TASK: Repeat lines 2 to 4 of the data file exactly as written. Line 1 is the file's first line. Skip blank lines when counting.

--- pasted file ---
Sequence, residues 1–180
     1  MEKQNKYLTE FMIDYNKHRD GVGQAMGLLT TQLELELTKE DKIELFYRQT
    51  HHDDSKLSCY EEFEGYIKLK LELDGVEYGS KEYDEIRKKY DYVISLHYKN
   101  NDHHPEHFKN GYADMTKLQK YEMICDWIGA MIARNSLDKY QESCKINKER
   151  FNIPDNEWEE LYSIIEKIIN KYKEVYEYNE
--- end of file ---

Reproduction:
     1  MEKQNKYLTE FMIDYNKHRD GVGQAMGLLT TQLELELTKE DKIELFYRQT
    51  HHDDSKLSCY EEFEGYIKLK LELDGVEYGS KEYDEIRKKY DYVISLHYKN
   101  NDHHPEHFKN GYADMTKLQK YEMICDWIGA MIARNSLDKY QESCKINKER